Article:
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Ambling Arsenal - A Master Class in Mediocrity

26/08/2014 16:38 BST | Updated 26/10/2014 09:59 GMT

Apathy is defined as a lack of feeling, emotion, interest or concern.

Oddly, that's the attitude of several Arsenal supporters I know. Was last season a success? Well, The Gunners won a trophy. After successive seasons with nothing to cheer about, an FA Cup win offered a welcome celebration.

However, in the long term, would they have been better off losing to Hull? You can't help but feel that May's jaunt to Wembley merely papered over the cracks at The Emirates.

Make no mistake, this will be an even tougher Premier League campaign. I'd argue that for Arsenal, and to a lesser extent Liverpool, the 2013/14 season offered both clubs their best opportunity for Premiership glory.

With the arrival of Costa and Fabregas Chelsea are in a far stronger position than 12 months ago. Similarly, City have subtly strengthened a squad that was already bursting at the seams with talent. In the North West Rodgers has spent lavishly and Manchester United will eventually start making the transition from basket case to contenders.

Realistically, where do Arsenal fans expect to finish this season? And, more to the point, is anything other than the title truly good enough? After all, the cheapest season ticket at The Emirates is now over a thousand pounds.

As Wenger claims a top four finish is fair and realistic, Arsenal fans let out a collective yawn and wince at their bank balances.

So, picture the scene, Hull have won the FA Cup and Humberside is going bonkers. Fans are cracking out the Lambrini and there's dancing in the streets. In North London, a forlorn Frenchman has packed up his desk and is sobbing into a skinny latte.

Ivan Gazidis is digging out his little black book. He wants a new manager - and preferably someone that can sign a decent striker.

For all Arsenal fans, I'd ask one simple question. Would that unlikely scenario have benefited Arsenal Football Club in the long term?

Once again Arsene has had a mixed summer in the transfer market. Sanchez is an outstanding acquisition, but they still look painfully lightweight up front.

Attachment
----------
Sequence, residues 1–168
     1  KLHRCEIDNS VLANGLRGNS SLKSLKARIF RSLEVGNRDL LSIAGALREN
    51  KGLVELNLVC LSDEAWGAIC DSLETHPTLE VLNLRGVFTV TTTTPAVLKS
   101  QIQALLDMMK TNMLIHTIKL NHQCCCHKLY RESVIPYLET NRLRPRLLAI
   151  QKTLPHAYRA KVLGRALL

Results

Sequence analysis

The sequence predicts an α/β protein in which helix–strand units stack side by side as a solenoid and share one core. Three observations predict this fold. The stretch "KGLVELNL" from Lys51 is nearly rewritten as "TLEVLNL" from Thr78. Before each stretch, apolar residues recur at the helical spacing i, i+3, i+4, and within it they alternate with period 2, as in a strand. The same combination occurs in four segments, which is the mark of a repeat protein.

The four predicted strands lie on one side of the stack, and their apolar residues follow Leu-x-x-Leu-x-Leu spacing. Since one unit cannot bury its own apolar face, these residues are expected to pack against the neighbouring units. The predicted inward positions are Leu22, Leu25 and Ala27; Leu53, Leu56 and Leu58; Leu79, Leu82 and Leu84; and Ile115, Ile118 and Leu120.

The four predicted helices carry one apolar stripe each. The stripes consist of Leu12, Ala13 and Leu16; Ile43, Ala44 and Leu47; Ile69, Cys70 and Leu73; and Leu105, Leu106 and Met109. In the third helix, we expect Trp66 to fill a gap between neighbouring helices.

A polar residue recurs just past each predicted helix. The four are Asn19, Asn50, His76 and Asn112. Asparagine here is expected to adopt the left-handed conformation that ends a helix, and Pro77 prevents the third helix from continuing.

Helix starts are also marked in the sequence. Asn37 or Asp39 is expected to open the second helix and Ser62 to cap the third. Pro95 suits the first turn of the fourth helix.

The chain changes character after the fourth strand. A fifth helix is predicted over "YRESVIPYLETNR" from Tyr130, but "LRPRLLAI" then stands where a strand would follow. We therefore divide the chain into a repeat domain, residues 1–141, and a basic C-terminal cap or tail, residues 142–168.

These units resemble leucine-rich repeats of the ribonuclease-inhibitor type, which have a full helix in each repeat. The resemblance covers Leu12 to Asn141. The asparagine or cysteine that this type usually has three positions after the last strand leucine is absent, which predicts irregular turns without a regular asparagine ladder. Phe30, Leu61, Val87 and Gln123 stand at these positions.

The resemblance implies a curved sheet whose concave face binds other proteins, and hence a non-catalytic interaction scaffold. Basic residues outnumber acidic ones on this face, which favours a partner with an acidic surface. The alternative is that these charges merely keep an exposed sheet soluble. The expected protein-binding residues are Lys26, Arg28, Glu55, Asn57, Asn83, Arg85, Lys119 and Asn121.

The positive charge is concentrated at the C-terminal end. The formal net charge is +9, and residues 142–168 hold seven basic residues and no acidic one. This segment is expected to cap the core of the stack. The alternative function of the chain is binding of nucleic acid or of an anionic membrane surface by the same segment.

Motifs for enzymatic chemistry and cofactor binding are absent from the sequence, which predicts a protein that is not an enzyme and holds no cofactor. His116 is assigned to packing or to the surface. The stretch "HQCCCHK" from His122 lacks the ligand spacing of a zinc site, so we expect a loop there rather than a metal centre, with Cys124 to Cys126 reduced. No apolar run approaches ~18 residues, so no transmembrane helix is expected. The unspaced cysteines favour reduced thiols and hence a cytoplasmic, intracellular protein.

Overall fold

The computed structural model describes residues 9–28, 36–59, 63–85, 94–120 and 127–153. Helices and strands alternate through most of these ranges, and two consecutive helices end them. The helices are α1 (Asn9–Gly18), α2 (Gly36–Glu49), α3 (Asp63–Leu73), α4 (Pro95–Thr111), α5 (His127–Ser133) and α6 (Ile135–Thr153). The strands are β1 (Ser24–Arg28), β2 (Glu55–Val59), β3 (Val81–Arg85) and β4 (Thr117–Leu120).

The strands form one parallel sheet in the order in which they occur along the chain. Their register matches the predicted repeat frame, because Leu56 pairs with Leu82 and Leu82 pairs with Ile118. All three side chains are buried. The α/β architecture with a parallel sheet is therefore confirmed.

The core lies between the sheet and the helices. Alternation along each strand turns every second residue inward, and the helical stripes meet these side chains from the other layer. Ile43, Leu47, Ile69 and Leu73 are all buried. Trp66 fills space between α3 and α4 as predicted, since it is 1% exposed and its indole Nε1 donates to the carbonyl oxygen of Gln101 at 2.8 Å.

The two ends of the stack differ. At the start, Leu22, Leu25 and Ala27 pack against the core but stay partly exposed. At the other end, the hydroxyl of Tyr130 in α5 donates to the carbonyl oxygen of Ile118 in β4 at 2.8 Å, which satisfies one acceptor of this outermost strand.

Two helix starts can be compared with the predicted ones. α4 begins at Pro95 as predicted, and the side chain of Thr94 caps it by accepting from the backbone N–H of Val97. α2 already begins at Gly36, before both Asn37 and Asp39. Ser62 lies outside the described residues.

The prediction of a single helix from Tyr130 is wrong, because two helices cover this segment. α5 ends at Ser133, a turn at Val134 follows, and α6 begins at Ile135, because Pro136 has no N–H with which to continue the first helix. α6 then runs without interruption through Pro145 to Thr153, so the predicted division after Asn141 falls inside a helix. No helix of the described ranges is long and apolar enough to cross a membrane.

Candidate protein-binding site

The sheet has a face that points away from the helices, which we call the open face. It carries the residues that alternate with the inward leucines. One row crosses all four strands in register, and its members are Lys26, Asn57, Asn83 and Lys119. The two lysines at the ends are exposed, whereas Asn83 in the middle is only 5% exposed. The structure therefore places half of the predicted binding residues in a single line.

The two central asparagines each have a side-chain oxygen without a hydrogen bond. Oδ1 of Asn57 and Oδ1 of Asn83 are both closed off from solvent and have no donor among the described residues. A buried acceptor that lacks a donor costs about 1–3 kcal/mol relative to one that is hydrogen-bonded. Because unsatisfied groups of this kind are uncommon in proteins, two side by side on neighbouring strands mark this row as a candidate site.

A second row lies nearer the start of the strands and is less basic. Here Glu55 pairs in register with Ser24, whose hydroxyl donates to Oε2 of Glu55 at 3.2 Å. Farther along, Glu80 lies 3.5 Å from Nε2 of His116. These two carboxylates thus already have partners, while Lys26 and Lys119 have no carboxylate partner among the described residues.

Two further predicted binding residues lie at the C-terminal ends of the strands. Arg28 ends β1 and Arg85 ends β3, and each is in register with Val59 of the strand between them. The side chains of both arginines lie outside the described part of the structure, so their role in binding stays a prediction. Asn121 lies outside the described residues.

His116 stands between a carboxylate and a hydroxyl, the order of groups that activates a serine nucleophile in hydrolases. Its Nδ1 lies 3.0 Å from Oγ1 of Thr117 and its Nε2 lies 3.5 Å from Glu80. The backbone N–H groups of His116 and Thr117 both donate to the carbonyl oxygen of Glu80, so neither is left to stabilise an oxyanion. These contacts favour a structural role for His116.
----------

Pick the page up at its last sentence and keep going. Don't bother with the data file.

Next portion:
Brendan Rodgers looks set to snap up madcap maverick Mario Balotelli who, earlier in the summer, was a supposed target for Wenger. Super Mario is a disaster waiting to happen, but at least you're guaranteed goals. Although Mario's form dipped in his final few months at City, he averaged nearly 1 in 2 for AC Milan. Given the ludicrous transfer fees bounded around this summer, Mario looks a snip at under 20 million. After all, Manchester United spent more on a teenage left back.

There is a myth that Wenger has an aversion to opening his cheque book. I don't think that's quite accurate, but his dealings in the transfer market are perplexing - especially when you consider how cash rich the club is.

Let's not forget his refusal to make a move for the prodigal son - Cesc Fabregas. Masterstroke or foolhardy calamity? I guess we'll soon find out.

Arsenal fans need to start considering what sort of football club they want to be. Wenger will forever be enshrined in their proud history, but is he the man to take them forward? His careful stewardship has seen The Gunners enjoy many incredible times. However, just one solitary FA Cup win since 2005 tells its own story.

I can't hep feel that a shock Cup Final defeat against Hull was exactly what the club needed. Finally, the clubs hierarchy might have addressed concerns that the managers prowess was on the wane.

Sadly, I think the short term elation of victory at Wembley will result in long term pain. For the sake of Arsenal fans, I hope I'm wrong. Nevertheless, with regret, I foresee another season of mediocrity beckoning.